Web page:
Once upon a time, the only computers people used at work were those paid for, owned and managed by the company and its IT department. One wouldn't even think of lugging in their home PC to use in the office. Why would they?
Even as laptops came into prominence, the few employees that both owned laptops and needed to use them for work purposes had to go through the IT department to have a VPN client and security software installed.
Today, things are quite different. As smart phones continue to get faster and cheaper, more and more employees are walking around with tiny, yet very powerful computers in their pockets. And while many businesses give out and administer smart phones for employee use, in most cases, these are personal devices. This presents unique challenges and considerations for company IT departments.
As an example, I bought an iPhone for personal use three years ago. I loaded it with news apps, music, personal finance apps and personal notes and have been adding more and more of my own data and applications to it as time goes on.
But I also use it for work at my day job. The minute I put in my company's email server credentials into Mail, I transformed the device into a strictly personal one to one that has access to some pretty sensitive company data. I also keep meeting notes in Google Docs (synced between the desktop, iPhone and now my iPad) and share files with colleagues in Dropbox.
If my iPhone were ever stolen or lost, all of that corporate data would suddenly be vulnerable, unless I have the necessary security measures in place.
With so many employees accessing corporate data from personal devices, how can IT departments properly manage the security of these devices without being too heavy-handed?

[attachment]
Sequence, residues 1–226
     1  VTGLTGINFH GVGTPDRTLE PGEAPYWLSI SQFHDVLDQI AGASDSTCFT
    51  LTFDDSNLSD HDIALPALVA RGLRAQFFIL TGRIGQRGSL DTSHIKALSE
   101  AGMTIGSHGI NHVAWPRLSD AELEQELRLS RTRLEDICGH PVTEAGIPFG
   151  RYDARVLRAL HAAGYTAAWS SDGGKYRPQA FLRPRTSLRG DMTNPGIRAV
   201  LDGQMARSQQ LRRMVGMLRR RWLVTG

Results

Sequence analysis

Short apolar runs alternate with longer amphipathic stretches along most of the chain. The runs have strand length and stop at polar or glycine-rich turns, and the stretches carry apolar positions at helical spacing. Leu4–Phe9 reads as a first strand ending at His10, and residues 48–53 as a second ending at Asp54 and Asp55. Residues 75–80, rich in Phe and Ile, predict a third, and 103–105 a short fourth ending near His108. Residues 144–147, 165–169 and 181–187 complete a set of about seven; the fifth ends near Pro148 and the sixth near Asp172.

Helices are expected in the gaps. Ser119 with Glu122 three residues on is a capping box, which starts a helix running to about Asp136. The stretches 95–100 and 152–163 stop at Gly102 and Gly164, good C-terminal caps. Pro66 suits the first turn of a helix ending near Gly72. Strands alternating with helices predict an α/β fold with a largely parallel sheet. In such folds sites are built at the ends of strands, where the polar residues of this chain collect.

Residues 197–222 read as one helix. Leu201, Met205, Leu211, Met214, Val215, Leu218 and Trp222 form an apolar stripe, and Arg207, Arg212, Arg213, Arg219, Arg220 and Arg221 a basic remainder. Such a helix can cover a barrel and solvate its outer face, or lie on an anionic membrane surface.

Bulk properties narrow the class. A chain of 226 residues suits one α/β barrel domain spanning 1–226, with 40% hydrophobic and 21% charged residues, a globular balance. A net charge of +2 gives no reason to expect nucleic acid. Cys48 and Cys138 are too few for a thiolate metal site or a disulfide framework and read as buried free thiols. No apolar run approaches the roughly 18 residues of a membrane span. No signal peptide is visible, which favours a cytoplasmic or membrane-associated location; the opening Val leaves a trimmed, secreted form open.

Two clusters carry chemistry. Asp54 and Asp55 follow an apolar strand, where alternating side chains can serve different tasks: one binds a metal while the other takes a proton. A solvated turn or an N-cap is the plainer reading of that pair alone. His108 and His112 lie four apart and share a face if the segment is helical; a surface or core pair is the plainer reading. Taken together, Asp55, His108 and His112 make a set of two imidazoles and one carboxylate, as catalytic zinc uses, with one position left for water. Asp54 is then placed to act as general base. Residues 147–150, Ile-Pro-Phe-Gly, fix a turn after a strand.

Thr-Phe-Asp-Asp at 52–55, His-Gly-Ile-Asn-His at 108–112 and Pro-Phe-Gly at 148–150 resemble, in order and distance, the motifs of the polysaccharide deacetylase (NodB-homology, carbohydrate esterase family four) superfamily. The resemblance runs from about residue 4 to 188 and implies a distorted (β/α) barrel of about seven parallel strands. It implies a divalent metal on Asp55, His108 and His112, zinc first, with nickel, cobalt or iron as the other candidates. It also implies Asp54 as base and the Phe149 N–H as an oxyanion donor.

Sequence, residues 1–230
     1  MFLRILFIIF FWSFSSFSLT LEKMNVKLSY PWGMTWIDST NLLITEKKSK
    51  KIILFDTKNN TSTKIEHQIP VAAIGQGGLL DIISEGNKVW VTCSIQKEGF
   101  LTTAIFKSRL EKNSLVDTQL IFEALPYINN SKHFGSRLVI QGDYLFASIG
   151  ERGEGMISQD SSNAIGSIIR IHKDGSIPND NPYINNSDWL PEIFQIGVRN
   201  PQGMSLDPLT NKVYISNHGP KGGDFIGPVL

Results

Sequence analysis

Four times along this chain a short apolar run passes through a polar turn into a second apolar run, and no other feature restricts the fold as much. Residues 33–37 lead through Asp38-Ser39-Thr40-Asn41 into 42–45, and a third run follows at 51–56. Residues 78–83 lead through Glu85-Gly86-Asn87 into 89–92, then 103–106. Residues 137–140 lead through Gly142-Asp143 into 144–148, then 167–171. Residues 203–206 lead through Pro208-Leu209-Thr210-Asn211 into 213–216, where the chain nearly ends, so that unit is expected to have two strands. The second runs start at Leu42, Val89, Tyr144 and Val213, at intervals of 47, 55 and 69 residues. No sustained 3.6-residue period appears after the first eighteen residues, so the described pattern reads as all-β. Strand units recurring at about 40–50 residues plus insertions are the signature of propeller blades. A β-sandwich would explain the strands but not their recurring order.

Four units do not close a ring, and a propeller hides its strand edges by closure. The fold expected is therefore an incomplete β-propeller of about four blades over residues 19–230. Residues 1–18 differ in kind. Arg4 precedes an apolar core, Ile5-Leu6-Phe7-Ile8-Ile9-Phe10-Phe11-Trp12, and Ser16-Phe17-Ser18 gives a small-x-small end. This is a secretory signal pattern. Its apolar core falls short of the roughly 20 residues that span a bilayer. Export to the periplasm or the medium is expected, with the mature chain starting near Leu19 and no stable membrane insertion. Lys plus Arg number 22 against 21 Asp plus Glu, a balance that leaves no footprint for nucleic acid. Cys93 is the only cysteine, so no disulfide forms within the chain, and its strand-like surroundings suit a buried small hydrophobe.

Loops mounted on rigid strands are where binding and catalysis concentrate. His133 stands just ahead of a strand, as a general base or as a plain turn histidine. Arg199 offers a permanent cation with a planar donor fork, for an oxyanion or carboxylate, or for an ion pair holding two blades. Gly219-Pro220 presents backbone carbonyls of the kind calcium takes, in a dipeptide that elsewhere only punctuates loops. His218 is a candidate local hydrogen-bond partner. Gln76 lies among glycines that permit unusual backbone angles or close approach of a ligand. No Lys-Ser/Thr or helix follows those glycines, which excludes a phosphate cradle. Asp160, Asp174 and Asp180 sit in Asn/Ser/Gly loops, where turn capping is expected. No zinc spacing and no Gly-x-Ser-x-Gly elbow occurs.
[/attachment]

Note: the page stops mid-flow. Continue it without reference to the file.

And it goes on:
This is precisely the question that Forrester seeks to answer in one of their latest reports on mobile security. In it, they examine some of the biggest potential security risks that come with the proliferation of personal devices in the workplace, as well as what companies can do to alleviate those risks.
A Few Commonsense Security Measures
There are many obvious advantages that come with the portability of these devices, but one of the drawbacks is that they can easily left behind in a cab or stolen.
Simple steps like password-protecting phones and enabling remote locking and wiping of the device can go a long way in keeping company data safe.
Another issue is malware, especially as Android grows in popularity. Whenever possible and appropriate, anti-malware software should be deployed on any device that accesses company networks or data.
Forrester recommends some basic regulations that should be included in any corporate mobile security policy. Among them:
- The IT department should be allowed to manage any device that has access to company networks and data. This should, of course, be done while still respecting the user's privacy.
- The company's usual Web usage policies should apply to personal devices, as long as they're being used at work.
- The company's IT department should be able to monitor usage while the device is being used on the company's network or premises. They should also have the freedom to restrict access to corporate data if necessary.
- If the device is stolen or the employee leaves the company, the IT department should be able to wipe company data from it remotely.
For more sensitive industries and government agencies, Forrester recommends far more restrictive measures, such as limiting the applications employees can use to access company data.
Does your company have a policy in place to deal with the security of personal devices in the workplace? Let us know in the comments.